Thompson's involvement with the suffrage movement began even prior to the creation of a state suffrage association with her involvement in the suffrage movement of her home town, Crystal Springs. At the birth of the statewide organization in 1897, Thompson served as corresponding secretary. Thompson held many leadership roles throughout the duration of the statewide organization, the Mississippi Woman Suffrage Association (MWSA). When the association was reorganized in 1906, she became treasurer. Her longest running role was superintendent of the press. She first assumed this role in 1907.

As superintendent of the press, Thompson published many articles in local newspapers. When Thompson was first elected to the role, she wrote to most of the editors in the state. She was successful in convincing twenty-one of those editors to discuss suffrage in their papers. In one of her early articles published in September 1907, she wrote:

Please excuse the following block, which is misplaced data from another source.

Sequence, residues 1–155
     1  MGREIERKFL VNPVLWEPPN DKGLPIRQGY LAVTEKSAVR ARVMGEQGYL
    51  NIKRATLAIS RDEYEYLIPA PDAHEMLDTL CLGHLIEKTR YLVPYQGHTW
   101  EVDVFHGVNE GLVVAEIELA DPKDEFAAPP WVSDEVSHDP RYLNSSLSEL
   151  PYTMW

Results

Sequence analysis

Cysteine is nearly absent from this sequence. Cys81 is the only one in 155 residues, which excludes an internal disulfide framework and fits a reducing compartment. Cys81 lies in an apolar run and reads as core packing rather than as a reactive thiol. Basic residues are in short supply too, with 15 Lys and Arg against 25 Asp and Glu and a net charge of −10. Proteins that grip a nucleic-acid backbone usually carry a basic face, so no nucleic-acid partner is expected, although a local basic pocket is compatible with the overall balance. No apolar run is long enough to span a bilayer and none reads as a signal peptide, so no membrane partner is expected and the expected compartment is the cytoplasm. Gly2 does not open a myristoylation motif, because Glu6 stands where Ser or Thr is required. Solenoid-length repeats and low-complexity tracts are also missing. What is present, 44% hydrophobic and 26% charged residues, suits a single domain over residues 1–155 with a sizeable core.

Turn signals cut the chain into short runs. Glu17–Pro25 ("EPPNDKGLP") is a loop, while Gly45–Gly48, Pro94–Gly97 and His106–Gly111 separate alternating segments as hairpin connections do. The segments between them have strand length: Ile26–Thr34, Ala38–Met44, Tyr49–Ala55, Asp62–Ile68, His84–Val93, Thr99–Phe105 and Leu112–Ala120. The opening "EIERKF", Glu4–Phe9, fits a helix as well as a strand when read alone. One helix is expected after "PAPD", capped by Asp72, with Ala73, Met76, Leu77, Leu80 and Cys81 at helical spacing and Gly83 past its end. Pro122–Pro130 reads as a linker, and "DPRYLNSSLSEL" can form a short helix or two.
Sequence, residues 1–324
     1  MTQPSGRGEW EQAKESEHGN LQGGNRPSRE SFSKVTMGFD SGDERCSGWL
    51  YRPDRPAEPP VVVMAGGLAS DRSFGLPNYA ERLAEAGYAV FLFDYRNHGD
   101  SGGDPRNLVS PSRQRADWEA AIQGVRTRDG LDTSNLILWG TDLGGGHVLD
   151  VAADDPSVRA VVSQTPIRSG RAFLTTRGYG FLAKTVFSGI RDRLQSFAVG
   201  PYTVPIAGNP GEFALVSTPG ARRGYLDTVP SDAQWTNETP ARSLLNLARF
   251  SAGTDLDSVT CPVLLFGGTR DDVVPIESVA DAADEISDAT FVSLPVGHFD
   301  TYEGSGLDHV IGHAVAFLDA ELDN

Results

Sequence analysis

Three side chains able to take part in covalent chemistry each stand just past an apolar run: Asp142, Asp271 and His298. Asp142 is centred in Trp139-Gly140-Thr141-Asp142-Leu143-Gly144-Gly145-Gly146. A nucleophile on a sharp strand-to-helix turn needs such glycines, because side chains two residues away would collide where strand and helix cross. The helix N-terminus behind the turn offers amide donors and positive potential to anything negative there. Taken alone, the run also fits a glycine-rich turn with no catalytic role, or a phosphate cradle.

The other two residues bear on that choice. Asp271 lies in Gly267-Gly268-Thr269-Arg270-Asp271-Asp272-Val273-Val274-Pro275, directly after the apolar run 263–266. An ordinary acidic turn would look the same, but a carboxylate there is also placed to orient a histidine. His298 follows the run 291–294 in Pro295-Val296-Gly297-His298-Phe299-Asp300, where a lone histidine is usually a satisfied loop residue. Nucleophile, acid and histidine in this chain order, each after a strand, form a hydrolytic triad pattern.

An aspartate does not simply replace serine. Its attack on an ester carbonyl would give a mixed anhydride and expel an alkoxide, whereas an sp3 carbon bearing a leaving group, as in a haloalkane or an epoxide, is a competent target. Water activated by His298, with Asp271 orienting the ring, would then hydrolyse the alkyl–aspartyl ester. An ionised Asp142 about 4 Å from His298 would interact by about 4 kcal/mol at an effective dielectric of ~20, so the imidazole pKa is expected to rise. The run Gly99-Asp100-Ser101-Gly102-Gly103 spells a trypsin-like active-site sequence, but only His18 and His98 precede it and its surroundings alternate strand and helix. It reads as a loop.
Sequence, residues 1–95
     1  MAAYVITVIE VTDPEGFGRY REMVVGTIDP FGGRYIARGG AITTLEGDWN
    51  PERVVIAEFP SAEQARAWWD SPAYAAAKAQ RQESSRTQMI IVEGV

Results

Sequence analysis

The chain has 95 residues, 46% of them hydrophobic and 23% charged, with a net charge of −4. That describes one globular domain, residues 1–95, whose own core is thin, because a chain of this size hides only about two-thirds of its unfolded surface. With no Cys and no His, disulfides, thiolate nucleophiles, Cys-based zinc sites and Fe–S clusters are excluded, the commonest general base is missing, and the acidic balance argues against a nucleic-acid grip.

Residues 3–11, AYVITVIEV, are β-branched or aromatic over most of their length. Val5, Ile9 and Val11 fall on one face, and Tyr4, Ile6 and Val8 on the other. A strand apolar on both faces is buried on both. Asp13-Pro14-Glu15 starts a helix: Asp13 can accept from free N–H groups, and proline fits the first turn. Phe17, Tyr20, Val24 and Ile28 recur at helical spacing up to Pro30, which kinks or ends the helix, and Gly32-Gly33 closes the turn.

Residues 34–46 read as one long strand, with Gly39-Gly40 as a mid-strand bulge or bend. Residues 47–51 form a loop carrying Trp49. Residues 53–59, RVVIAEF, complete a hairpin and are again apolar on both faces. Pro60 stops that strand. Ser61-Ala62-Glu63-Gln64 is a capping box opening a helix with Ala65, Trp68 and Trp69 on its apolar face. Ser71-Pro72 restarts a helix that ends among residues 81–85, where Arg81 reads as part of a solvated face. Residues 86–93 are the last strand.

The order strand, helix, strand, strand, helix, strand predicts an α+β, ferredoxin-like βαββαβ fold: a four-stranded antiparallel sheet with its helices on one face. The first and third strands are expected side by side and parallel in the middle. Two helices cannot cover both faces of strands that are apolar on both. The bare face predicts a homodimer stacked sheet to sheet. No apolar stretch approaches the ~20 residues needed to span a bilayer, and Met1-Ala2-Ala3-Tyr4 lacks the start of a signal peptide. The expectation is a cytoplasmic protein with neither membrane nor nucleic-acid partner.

“As long as Mississippi women have access to the tax list, and the penitentiary, may they not justly have access to the polls? Would not the ballot in the hands of women afford them the quickest, quietest, most dignified method of effecting legislation, for is not an ounce of voting worth a pound of petitioning?”

Moving up the ranks of the MWSA, Thompson was elected vice president in 1908. Her involvement with the press, however, continued even with her increased leadership role in the suffrage association. By 1909, Thompson was writing a weekly column in the Jackson Daily News. At this time, Thompson became very active in supporting the local suffrage movement in Jackson. She helped establish The Equity League, the local Jackson organization and served as president at its inception in 1911.